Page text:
Evolving Threat Modeling for Agility and Business Value

What is threat modeling and why it is important?

Threat modeling represents a plethora of different practices to analyze a system from a security perspective. There are many implementations of this practice. Therefore, it may be useful to introduce the definition we have used as a reference while writing this guide.

Threat modeling is a practice of designing and assessing the potential threats to a system in scope, evaluating the eventual risks both from a technical perspective and from the business’s point of view, and identifying what can be done to make those risks acceptable.

The paper focuses on threat modeling from a general perspective without delving into a specific methodology. The considerations and recommendations collected here should, therefore, be applicable to most approaches.

The evolution of threat modeling

In the early days, threat modeling was much simpler and based on systems where threat vectors against the system were well-known. In such cases, creating threat modeling diagrams manually was easier – we had controlled access to the few systems that were available. But in today’s DevSecOps world, things look quite different.

We have highly distributed systems where the emphasis is largely on component aggregation rather than ground-up coding. Execution and control flow are not always predictable through the system. It means we require the expertise of scarce security experts and architects to use the threat model effectively. Another typical factor is represented by the accelerated solution development lifecycle, typical of the Agile methodologies that are so prevalent nowadays: they require even more to focus the energies of the teams on satisfying the functional requirements rather than anything else.

Therefore, aspects like security tend to be considered as a cost, to be best covered by automated tools and processes designed with the main intent of reducing impact on development.

Threat modeling faces the same issues. Therefore, it is crucial to improve the efficiency of this practice if we want it to be relevant within a DevSecOps world.

Phases of threat modeling

Each threat modeling methodology defines its own set of phases. From our point of view, it is possible to identify seven distinct phases that are more or less explicitly present in all the most successful implementations.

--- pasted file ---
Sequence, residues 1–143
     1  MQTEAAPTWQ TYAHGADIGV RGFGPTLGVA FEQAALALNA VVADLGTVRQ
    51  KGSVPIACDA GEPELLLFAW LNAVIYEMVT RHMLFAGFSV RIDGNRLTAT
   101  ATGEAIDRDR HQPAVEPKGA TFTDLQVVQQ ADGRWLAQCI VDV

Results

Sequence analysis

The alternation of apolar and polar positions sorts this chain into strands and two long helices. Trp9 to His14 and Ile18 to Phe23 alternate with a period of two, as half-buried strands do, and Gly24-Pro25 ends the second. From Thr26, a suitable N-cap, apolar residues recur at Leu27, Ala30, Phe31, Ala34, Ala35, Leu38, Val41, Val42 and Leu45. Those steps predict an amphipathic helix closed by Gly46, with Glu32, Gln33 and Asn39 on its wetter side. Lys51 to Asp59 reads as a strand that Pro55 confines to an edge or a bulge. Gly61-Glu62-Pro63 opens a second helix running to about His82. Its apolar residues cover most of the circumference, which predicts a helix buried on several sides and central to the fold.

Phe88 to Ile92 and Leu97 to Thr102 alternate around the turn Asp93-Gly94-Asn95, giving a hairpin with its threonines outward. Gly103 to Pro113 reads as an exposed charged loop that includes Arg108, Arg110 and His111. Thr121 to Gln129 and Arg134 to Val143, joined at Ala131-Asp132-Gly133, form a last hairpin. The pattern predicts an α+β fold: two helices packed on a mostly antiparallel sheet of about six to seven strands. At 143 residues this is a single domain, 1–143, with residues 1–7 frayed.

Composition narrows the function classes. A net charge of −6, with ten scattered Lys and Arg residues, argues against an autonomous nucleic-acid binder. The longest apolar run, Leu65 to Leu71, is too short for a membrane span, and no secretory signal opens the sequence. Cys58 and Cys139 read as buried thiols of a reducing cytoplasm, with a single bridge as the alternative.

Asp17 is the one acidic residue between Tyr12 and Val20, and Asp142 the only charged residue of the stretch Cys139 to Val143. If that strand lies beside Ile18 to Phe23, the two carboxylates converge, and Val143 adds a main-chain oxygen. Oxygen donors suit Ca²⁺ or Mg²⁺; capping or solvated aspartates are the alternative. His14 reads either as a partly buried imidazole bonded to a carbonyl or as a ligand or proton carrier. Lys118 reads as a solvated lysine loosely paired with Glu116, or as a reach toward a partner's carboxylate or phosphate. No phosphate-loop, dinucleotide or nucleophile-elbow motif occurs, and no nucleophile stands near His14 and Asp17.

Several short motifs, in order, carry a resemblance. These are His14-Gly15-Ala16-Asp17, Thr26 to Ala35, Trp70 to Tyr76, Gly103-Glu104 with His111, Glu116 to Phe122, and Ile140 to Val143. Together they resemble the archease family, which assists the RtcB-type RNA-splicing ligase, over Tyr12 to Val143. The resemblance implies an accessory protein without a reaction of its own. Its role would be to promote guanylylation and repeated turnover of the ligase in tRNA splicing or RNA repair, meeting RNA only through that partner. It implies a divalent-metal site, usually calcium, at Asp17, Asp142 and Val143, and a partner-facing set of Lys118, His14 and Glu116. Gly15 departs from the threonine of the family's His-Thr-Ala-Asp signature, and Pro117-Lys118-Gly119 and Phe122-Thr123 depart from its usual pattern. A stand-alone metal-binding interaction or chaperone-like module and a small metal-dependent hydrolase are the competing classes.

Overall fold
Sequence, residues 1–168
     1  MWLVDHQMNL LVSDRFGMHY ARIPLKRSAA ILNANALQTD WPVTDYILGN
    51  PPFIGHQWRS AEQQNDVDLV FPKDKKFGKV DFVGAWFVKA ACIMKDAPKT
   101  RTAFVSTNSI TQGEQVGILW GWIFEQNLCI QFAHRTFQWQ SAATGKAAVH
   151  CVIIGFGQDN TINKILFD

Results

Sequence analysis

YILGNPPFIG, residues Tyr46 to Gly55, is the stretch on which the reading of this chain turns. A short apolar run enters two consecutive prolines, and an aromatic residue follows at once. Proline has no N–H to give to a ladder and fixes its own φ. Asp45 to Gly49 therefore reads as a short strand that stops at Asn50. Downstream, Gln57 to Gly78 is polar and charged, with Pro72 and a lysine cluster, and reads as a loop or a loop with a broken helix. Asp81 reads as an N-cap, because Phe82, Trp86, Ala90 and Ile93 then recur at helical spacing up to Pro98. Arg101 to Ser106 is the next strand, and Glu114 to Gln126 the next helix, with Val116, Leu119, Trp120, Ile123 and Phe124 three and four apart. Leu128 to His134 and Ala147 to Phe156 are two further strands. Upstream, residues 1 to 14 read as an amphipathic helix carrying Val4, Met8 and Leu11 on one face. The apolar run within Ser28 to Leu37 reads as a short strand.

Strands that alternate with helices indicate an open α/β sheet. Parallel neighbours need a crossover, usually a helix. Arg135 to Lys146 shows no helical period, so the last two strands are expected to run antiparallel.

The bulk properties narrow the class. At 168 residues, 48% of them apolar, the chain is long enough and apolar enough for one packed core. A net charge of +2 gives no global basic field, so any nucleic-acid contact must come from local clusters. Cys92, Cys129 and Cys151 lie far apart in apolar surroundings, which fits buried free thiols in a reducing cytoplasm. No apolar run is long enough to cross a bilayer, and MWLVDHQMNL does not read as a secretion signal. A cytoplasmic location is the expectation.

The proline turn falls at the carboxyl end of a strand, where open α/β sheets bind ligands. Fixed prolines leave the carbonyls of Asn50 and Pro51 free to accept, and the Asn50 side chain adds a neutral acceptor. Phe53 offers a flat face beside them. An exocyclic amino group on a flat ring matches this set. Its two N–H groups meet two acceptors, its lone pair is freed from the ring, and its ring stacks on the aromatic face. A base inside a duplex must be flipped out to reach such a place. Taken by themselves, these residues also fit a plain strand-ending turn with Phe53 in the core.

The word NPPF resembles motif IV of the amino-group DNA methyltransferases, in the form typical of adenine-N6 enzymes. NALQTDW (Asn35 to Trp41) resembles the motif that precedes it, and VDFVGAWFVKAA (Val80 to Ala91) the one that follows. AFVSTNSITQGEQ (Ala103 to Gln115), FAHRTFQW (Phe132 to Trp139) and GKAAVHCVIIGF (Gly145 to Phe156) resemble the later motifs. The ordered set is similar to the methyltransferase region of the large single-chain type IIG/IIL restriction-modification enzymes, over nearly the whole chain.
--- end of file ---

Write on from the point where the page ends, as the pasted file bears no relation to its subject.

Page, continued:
Phase 1: Information gathering

At the start of the threat modeling process, we are interested in the context of our threat model. Stakeholders in this phase include developers, product managers, business analysts, security engineers, and security testers. Through a brainstorming exercise, they determine the scope, features, and use cases.

Phase 2: Identification of appropriate threats

The next phase is typically time-boxed and further decomposes the architecture to identify critical assets. This implies that not all threats will be analyzed, just the most important ones based on the experience of individuals and the collective knowledge base. These assets are reviewed against threat identification categories. Attack scenarios are created through real-life examples based on the relevant business context. The severity of the threats is determined, most frequently adopting an approach based on impact and probability. At this phase, there is some assessment of the cost involved to determine whether the identified threats are relevant.

Phase 3: Mitigations of threats

In the third phase, mitigations are proposed against the threats identified previously. They are categorized and prioritized based on all threats. The goal is not to produce a comprehensive list of mitigations for each threat but to cover different types of security controls for achieving defense-in-depth. This will provide different choices for consideration. Each mitigation is associated with a threat to justify and contextualize it. The mitigations must be expressed with unambiguous actionable descriptions and clear, verifiable criteria.

Phase 4: Assess mitigations

In this phase, mitigations are assessed against business and technical risk based on prioritized trade-offs. Recommendations are assessed for impact (both positive and negative) and then defined in a proposed roadmap.

Phase 5: Communicate results of threat model

In this phase, the mitigations are presented to the relevant stakeholders. Trade-off decisions are made based on budget, resource capacity, and organizational risk factors. Mitigations should be enforceable.

Phase 6: Update the threat model

Once approval has been given to undertake the mitigations, the threat model is regularly revised to reflect the latest update to the system in terms of risk and design.

Phase 7: Share knowledge and learn continuously